Rick Santorum: No money, no problem

Rick Santorum: No money, no problem

Ed Suba Jr./Akron Beacon Journal/MCT

GOP presidential candidate Rick Santorum speaks during the 2012 Lincoln Day Dinner held at Quaker Station on Saturday, February 18, 2012, in Akron, Ohio.

Josie Little, Politics and Culture Editor

An objective financial analysis of Rick Santorum’s prospects would most likely conclude that the Republican hopeful doesn’t have a chance. The former Pennsylvannia senator has just recently started to peak in the polls, and he is downright impoverished in comparison to the other Republican candidates. Nevertheless, a subjective analysis would not underestimate the mystique created by Santorum’s straightshooter, sweater vest appeal.

Mitt Romney and Newt Gingrich, the other viable candidates, have arsenals of cash when compared to Santorum. As a millionare several times over, Romney can draw on not only his personal cash hoard but the minor and substantial donations that come from having emerged as the frontrunner early on in the race. Gingrich, on the other hand, has the assistance of the Las Vegas billionaire Sheldon Adelson in lieu of a vast fortune. Santorum still lags behind in overall funds.

Despite his stuttering momentum, Santorum’s campaign has received a new lease on life after his trifecta win in the Colorado, Minnesota, and Missouri primaries. Those states don’t really amount to much in terms of delegates, but they do signify a massive coup in terms of winning over public opinion. Perhaps more importantly, it was that victory that marked a watershed moment in the perceptions of wealthy conservatives, who are now shelling out the cash for super pacs on behalf of a candidate they now think can win.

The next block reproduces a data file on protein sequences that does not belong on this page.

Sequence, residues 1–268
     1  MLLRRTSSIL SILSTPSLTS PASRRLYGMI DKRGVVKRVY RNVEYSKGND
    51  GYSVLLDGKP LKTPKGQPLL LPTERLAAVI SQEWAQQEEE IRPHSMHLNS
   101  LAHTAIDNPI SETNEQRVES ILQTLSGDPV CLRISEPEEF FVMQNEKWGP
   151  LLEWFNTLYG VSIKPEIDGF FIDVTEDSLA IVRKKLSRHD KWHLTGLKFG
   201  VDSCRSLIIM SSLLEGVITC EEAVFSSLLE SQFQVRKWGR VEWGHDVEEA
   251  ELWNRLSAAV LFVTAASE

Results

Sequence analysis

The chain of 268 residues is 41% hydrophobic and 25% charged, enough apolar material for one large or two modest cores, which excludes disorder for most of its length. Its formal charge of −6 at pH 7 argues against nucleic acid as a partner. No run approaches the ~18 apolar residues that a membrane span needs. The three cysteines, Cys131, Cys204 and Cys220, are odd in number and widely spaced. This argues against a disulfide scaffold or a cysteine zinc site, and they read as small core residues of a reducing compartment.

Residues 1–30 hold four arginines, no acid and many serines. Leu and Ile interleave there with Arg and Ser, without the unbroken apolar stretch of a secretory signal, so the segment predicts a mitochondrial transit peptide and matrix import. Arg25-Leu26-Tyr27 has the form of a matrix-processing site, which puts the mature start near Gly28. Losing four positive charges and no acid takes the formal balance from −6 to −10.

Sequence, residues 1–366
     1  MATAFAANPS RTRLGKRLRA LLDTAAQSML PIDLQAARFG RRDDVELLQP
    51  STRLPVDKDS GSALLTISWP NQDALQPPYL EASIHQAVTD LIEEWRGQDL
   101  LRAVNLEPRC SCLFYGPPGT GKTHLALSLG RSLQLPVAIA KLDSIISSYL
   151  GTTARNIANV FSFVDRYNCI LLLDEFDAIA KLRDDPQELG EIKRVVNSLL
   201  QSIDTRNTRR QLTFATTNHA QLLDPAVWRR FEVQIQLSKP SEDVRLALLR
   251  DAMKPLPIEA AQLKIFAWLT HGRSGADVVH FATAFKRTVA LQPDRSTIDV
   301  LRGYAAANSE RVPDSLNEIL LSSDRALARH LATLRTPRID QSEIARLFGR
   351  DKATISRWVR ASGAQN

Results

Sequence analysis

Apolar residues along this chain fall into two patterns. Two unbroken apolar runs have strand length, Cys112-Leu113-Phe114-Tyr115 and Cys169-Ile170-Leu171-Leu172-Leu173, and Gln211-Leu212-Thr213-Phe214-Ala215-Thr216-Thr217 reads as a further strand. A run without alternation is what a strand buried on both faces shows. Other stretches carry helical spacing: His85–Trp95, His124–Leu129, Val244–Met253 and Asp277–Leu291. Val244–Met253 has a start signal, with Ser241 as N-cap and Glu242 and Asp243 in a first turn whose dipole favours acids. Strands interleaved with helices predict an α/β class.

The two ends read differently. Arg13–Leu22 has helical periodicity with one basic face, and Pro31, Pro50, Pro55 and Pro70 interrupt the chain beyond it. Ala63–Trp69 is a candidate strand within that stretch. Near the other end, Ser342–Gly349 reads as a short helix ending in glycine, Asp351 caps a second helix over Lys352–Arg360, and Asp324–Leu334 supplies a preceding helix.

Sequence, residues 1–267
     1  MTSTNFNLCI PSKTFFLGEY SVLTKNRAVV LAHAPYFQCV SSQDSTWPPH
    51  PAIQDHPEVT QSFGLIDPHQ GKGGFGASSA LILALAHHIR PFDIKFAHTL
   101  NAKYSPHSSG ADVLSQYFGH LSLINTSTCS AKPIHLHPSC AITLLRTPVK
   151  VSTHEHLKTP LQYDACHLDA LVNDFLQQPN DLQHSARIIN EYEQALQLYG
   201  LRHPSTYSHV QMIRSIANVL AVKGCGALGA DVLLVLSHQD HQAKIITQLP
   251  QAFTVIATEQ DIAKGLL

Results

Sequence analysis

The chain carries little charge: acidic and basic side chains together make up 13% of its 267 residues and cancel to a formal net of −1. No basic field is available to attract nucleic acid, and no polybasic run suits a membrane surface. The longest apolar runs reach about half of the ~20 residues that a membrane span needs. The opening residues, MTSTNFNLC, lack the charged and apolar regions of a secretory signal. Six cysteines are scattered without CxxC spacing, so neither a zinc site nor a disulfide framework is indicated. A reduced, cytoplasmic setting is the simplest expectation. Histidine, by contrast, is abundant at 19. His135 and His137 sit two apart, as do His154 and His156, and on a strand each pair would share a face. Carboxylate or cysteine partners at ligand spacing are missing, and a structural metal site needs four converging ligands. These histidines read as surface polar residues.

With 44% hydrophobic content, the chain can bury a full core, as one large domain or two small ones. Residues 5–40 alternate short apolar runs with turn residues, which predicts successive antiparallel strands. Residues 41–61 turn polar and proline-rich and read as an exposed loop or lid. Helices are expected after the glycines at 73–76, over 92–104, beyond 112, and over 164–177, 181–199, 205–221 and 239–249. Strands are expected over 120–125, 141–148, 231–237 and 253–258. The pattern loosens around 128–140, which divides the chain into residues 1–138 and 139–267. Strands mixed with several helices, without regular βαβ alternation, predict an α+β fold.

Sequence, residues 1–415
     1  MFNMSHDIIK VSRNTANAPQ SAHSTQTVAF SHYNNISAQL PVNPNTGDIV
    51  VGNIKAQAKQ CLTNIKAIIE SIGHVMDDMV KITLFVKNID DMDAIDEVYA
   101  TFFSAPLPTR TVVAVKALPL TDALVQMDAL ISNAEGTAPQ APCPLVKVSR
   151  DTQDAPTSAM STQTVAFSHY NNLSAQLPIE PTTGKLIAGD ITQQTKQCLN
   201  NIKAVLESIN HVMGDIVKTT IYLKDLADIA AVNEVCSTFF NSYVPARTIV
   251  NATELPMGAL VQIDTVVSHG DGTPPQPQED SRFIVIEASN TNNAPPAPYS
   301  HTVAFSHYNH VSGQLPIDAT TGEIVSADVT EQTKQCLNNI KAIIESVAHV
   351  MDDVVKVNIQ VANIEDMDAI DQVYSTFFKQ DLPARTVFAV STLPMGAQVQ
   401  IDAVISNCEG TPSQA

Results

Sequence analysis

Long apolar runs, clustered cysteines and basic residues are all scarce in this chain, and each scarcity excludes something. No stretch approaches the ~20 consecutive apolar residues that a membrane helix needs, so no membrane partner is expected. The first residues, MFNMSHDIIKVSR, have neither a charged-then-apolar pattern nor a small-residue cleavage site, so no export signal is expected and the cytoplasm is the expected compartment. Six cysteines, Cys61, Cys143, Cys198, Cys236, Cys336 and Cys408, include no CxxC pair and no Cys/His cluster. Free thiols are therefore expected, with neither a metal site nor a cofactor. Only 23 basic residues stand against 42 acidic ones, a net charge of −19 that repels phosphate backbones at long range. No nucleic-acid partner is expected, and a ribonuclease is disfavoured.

Then, there is the allure of Santorum’s no-nonsense Conservatism. Many deeply conservative Republicans have long held doubts as to the sincerity of Romney’s beliefs on controversial issues like abortion and homosexuality. Political analysts believe that they have been voting for Romney because they viewed him as the only candidate with a chance of beating President Obama. Hence, the endless parade of candidates billing themselves at the anti-Romneys. From Bachman to Cain and from Cain to Gingrich, Santorum has been the latest manifestation of the not-Romney.

Santorum, however, has appealed to voters on his own merit and not merely by not being someone else. He has remained consistent throughout his life on core Conservative values, and he has some legitimate, bona fide proposals for improving the economy in areas like manufacturing. To be frank, he is also comfortable speaking in front of crowds, a skill Romney has yet to convey in this primary season. Then, there’s his sweater vest. Santorum’s wholesome, Mr. Rogers look is one of several ways that he exudes his pious, average Joe persona. Romney, in contrast, has never truly shed his background of notorious wealth in the minds of voters.

In keeping with his low-key persona, Santorum’s campaign seems to be sticking with a slow-and-steady-wins-the-race approach. Instead of focusing on the states that are oozing in delegates, he is focusing on succeeding in so many of the small ones that he racks up a sufficient number of delegates.

Although Santorum’s political prognosis is still strong,  he failed to make a big splash against Romney in yesterday’s Republican debate in Arizona. That being said, a victory in a big state like Michigan could still change everything. Romney’s lead over Santorum is within the margin of error, which can only lead to the conclusion that all bets are off.